This was the second ever costume that I made. Whilst I can say that I really do love it and I’m so proud of all the work that went into it considering how little sewing experience I had at the time, it is not historically accurate AT ALL in construction.
Since making this gown clothing of the early modern period (1500-1800) has become a somewhat of a specialty of mine in my academic work, and compared to the gowns that I have since studied and those which I come into contact with weekly during my volunteering with the fashion and textile department at the Powerhouse Museum in Sydney, this is, well, disappointing.
The whole reason for this is probably because I chose to work from the Simplicity pattern # 4092. I think the pattern was released when Pirates of the Caribbean came out, as the image on the front suggests that it’s for an Elizabeth Swan Costume.
By appearance the design of the dress is supposed to be Robe à la Française without the traditional watteau pleating at the back, and the separate stomacher in the front. The gown fastens with lacing up the back - something which none of these gowns ever did in the past (they always were put on like a jacket and attached to the stomacher in the front, which was in turn attached to the stays/corset underneath).
With all that said, once you get over the historical inaccuracies this is actually quite a nice dress for anyone who wants to easily make an 18th century-looking costume.
In terms of the colour palette, I wanted this to be a day dress, so I opted to use a white/cream cotton material with a floral print. I look inspiration from some of the garden dresses that are worn in the film Marie Antoinette shown below.
After searching around for materials I actually decided to use some old bed sheets that my mother had sitting in our linen cupboard at home. It saved my wallet a lot of money and makes for an interesting story when I wear the costume! The plus with using old bed sheets was that because they had already been used multiple times the cotton was nice and soft. The downside was that I only just had enough material and working our how to cut the fabric without wasting heaps of it was like doing a jigsaw puzzle!
Although this pattern isn’t very historically accurate it is still quite involved, mainly because the bodice of the dress has to be boned. Whilst ladies in the 18th century worn separate undergarments called ‘stays’ which were heavily boned and gave the body that 18th century conical shape this pattern does not call for that. Although this does have boning, it is still not quite rigid enough to really achieve that look, but its good enough.
I think the bodice took me a few weeks on and off to make. I’m pretty sure I did it in my mid-semester break at university which is 4 weeks so I probably took me about that long due to all the boning and trimmings that were required.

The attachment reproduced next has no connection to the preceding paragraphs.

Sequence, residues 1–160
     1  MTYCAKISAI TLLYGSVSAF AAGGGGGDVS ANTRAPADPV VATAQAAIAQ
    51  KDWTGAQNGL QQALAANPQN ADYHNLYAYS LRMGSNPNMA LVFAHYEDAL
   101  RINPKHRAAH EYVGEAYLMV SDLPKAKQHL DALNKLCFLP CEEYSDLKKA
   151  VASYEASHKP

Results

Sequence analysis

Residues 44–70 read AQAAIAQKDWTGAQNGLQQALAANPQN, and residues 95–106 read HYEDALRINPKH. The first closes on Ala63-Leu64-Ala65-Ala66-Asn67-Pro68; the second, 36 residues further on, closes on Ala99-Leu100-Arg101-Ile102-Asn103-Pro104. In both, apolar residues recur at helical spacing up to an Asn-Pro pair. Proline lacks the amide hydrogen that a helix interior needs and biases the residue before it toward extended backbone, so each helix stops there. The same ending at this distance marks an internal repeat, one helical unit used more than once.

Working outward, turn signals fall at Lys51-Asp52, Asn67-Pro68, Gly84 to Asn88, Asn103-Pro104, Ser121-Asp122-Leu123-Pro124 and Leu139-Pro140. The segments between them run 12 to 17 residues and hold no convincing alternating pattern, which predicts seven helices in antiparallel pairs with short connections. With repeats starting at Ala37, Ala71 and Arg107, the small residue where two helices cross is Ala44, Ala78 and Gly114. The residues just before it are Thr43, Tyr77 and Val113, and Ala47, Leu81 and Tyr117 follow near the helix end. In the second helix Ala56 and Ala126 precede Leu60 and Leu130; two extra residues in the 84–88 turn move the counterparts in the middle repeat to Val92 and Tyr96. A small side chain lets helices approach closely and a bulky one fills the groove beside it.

For the lace on the sleeves I again raided my mother’s cupboard and found some lace that had been left over from a bridemaid’s dress that she had made for her in the early 80s. I think she said the lace was quite expensive French or Belgium lace… any who I thought it would look great and she let me use it which was awesome.
The patterned over skirt was relatively easy to attach to the bodice, however you really have to be careful with all the pleating that is required at the seam of attachment - be careful to make sure it’s even!
The underskirt is actually really easy to make and really effective - I’ve made another one for an Elizabeth Swan / 18th century peasant Halloween costume that I quickly constructed for a party and has been worn by my friend’s a few times. It only takes about a day to make, and this underskirt it actually relatively historically accurate.
I never got around to making the pannier hoops that are included in this pattern even though the dress really does require them. However when I make my next 18th century gown I may use them to see how it goes.
Here are some pictures of the finished product
I have since made 1760s-1780s Paniers to put underneath the gown which you can see fills it out a bit and makes it look more period accurate:
If you want to make something really historically accurate to the eighteenth century (which I hope to get around to one day) you really need to a) construct the correct undergarments, and b) find an historical pattern.
The best patterns and guides for this I think are:
- Janet Arnold’s Patterns of Fashion v. 1 - if you have no experience in pattern making this could be quite hard to use, however if you have a basic pattern to work off, looking at Arnold’s sketches and pattern details of historical gowns that she has studied in detail can help you to alter what you are working with to make it more historically accurate.
- I’ve read some reviews for Simplicity’s 18th century undergarments (#3635) and the consensus is that they are actually pretty good. I think they are out of print now but you can always find heaps of eBay.
- Reconstructing History has some good 18th century patterns
- As does Recollections of JP Ryan (these are probably the patterns that I will eventually work from)